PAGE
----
You crawled from the third row and perched yourself next to me, atop the console between the two front seats. “I can’t believe it,” you proclaimed with a sly smile. “I can’t believe that means I’ve been a mom for eight years,” I pointed out and grabbed you for a hug. “Did you know you made me a mom?” I said. “You gave me that gift.”

You held on tight – you, the kid who is always so pissed that you’re not yet a teenager, that you still have to live with mom and dad rather than on your own as a self-sufficient free spirit who answers to no one – you held on and so I did too, rubbing your back. “What a gift you gave me,” I softly repeated.

You looked at me with tears in your almost-8-year-old eyes. “Now I’m crying tears of happiness,” you said. And so was I.

These are the moments I treasure in the midst of ADHD and defiance and homework hell. In the mess of the daily grind, and anxiety, and hidden triggers that others around us can’t seem to relate to, like when you absolutely must be the last person in the gym after basketball practice, meaning that even the guy who turns off the lights and locks up better get out before you or else you’re gonna lose it.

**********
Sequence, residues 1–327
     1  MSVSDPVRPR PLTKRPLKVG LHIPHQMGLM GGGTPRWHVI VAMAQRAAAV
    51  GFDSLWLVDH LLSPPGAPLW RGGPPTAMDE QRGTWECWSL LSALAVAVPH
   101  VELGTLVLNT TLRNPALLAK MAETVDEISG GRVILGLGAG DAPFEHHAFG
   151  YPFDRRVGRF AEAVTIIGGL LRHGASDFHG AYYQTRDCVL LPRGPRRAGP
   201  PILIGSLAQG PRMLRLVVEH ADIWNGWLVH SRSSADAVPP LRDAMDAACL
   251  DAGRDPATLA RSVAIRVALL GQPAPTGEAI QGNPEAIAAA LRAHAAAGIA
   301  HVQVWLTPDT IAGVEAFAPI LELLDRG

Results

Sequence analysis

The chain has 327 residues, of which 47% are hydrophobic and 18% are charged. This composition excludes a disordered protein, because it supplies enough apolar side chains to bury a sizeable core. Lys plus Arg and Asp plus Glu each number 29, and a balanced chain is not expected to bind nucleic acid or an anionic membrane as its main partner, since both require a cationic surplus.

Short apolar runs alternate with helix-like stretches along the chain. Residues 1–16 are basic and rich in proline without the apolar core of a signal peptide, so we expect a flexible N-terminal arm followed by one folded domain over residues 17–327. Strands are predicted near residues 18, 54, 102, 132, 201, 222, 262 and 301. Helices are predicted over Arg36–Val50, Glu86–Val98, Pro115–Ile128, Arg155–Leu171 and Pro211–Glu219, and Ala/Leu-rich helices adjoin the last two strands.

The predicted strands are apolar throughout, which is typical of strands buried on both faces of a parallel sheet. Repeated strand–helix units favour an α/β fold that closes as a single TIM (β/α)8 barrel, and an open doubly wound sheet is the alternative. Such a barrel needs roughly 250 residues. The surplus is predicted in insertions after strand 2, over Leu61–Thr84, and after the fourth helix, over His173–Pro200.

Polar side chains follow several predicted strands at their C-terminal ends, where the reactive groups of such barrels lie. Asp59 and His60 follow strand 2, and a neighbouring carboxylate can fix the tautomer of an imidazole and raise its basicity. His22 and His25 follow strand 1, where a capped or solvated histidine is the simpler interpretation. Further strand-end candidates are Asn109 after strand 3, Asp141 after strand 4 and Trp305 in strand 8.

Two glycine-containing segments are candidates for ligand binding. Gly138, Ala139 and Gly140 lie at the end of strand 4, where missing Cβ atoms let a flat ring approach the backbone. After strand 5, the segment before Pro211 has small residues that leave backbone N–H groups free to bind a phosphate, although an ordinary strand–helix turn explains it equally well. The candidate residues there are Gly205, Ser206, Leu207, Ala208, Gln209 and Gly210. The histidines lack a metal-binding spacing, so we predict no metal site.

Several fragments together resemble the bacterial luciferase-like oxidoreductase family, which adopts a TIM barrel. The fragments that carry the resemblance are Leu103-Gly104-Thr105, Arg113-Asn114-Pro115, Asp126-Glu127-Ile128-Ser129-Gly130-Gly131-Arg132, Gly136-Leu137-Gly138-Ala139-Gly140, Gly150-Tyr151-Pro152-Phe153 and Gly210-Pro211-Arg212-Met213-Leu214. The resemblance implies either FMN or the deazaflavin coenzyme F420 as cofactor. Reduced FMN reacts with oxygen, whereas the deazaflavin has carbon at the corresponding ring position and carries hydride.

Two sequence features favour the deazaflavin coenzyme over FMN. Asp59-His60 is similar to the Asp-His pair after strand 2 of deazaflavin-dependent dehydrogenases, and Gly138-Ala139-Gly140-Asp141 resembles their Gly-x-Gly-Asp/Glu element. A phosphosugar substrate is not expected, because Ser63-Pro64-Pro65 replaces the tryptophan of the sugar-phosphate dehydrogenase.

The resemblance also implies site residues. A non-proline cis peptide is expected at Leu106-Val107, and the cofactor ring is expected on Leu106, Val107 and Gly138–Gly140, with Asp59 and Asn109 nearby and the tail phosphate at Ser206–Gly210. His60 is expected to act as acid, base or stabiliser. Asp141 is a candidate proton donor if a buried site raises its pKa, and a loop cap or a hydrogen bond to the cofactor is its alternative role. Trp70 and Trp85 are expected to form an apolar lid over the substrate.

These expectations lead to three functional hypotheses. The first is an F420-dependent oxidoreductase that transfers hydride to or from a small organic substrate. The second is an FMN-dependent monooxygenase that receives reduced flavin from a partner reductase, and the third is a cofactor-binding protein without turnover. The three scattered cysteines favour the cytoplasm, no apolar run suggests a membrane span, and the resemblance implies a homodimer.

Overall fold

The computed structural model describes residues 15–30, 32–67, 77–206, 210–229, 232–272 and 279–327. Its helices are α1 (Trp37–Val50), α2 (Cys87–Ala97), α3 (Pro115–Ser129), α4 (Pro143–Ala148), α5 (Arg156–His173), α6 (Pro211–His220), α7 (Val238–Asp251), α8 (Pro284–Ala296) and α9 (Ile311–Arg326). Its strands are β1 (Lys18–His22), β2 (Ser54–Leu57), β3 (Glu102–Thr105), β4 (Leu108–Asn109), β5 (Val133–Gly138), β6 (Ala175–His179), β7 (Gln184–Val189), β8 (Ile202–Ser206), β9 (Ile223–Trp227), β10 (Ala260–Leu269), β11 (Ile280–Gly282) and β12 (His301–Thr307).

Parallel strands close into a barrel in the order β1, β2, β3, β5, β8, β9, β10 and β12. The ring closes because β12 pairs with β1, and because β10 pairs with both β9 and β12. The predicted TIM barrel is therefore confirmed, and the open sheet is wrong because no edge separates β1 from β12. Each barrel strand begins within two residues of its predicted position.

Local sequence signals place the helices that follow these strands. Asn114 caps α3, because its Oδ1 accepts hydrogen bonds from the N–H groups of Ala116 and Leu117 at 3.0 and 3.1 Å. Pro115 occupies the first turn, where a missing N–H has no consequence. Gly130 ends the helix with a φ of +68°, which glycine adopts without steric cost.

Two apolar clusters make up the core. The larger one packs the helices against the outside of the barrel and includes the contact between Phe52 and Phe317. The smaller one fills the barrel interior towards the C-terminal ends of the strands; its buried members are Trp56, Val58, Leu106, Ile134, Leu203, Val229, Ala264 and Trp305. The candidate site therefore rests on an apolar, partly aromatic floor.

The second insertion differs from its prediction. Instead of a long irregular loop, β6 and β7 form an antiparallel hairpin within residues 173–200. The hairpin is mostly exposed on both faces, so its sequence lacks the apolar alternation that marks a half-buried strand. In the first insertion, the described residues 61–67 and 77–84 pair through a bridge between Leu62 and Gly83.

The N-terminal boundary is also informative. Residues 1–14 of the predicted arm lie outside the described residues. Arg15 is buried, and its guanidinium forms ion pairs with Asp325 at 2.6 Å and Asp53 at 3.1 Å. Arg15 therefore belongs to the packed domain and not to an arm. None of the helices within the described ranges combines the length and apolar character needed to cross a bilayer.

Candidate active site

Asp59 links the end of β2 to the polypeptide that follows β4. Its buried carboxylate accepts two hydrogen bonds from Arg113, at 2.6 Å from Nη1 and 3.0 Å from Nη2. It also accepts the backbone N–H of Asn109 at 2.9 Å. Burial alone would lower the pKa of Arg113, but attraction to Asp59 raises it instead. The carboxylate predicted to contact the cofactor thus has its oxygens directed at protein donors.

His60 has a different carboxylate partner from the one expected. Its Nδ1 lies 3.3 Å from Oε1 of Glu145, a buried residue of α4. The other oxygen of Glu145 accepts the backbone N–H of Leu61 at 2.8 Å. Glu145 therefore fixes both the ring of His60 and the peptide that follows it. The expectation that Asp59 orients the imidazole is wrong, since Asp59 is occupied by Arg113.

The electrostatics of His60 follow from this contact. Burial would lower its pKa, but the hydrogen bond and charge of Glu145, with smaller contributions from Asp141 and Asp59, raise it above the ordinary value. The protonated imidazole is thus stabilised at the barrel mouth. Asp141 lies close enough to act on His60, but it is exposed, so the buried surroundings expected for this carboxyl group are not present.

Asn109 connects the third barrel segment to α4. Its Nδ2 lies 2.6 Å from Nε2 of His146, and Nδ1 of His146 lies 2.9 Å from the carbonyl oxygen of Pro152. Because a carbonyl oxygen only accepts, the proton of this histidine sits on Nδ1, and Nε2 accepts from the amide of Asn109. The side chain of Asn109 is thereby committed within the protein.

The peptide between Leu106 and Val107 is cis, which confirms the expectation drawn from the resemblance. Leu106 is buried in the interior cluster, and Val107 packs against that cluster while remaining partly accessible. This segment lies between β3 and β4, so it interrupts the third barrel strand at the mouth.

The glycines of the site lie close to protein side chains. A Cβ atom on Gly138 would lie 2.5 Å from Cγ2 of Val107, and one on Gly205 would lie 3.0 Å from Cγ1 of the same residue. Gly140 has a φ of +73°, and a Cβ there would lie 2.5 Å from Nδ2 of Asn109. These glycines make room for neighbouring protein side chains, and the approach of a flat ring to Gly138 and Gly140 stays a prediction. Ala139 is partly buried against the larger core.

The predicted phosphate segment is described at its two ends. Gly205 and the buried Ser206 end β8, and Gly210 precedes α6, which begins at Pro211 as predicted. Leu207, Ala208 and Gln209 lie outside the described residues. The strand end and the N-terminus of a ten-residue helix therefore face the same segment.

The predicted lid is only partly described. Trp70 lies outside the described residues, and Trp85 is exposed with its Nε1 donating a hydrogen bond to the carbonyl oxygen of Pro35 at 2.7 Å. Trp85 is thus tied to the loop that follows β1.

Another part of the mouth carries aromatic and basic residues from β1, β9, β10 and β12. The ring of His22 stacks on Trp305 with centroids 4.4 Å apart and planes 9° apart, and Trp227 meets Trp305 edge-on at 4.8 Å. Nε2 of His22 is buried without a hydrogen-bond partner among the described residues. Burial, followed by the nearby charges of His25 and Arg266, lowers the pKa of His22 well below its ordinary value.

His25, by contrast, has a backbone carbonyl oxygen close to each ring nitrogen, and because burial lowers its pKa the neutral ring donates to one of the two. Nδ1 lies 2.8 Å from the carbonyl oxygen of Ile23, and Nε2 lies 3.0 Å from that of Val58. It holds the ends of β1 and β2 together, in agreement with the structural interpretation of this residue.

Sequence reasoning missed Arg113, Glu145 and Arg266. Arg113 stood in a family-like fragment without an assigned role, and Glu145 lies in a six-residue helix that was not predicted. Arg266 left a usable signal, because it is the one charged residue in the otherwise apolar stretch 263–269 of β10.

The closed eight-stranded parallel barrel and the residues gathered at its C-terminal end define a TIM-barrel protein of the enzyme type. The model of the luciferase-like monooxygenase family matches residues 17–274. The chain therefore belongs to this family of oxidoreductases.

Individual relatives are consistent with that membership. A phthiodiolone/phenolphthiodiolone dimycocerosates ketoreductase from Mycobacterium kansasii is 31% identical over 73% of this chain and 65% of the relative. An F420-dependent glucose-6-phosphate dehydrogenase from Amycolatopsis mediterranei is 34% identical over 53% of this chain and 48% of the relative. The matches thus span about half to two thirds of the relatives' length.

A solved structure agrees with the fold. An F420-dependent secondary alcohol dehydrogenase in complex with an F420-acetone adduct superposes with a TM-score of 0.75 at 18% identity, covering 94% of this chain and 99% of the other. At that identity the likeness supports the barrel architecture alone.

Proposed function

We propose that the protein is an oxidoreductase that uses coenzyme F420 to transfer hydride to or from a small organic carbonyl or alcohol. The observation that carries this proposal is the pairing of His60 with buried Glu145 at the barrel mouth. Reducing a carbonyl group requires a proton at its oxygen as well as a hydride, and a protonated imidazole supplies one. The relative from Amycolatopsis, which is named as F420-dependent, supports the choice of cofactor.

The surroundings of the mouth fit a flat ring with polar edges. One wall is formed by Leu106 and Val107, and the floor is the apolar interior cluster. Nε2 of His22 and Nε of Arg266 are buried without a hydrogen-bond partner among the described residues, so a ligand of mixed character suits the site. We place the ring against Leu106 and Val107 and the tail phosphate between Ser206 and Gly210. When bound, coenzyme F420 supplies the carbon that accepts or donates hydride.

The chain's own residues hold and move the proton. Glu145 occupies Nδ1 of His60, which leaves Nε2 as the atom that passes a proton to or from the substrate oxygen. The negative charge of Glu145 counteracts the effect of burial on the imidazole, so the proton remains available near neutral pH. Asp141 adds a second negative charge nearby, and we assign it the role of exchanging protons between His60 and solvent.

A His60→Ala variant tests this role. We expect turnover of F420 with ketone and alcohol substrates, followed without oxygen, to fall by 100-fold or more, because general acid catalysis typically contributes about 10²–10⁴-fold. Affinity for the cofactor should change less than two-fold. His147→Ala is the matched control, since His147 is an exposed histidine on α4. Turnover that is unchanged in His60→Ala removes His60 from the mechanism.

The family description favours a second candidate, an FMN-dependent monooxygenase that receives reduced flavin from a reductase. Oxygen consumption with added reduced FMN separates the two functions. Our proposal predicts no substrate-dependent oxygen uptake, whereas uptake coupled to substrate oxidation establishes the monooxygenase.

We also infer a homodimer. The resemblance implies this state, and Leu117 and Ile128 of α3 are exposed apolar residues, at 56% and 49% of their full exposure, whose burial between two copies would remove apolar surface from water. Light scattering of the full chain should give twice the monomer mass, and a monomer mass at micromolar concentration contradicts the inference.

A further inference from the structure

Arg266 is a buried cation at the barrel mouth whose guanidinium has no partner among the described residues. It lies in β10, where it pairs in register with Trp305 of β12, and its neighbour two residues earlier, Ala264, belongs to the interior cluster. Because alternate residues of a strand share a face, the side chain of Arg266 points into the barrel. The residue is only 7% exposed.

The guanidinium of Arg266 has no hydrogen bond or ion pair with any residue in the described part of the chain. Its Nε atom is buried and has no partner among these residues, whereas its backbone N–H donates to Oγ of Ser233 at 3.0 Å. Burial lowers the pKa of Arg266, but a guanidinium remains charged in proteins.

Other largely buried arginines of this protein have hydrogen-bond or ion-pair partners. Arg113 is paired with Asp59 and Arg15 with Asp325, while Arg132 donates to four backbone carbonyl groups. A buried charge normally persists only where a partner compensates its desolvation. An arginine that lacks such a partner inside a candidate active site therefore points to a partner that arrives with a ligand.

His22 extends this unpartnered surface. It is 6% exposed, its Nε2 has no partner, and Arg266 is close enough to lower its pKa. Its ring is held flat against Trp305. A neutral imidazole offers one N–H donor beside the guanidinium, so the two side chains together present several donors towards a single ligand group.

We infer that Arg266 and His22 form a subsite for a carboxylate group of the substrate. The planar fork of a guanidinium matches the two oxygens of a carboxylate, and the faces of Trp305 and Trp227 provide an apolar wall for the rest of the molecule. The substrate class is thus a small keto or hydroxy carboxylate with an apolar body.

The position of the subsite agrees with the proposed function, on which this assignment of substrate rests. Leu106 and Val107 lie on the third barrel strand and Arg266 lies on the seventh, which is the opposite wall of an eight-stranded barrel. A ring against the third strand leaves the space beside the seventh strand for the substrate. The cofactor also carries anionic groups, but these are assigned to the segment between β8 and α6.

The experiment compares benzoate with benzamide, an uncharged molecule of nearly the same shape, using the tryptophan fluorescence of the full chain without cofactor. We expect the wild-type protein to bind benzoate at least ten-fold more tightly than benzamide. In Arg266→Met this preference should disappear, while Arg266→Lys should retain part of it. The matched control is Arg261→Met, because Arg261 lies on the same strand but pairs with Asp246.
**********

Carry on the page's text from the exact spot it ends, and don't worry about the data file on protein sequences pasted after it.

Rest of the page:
You have moved on from calling me “Mommy” to “Mom,” from trains to skateboards, from pajamas to athletic shorts. Your feet stink, you leave the door open and you always have a ball in hand. But even behind your tough-guy persona I still catch you, though fleeting, as my first baby.

Your teacher told us this morning that you think differently than everyone else. When the assignment was to make an American flag, you refused to have yours laminated because you wanted it to ripple like the way you notice real flags rippling. When asked to create a city scene, everyone else drew buildings on paper but you had to fabricate yours in 3-D, consenting to not hang it up with everyone else’s so that your constructed buildings could actually stand up.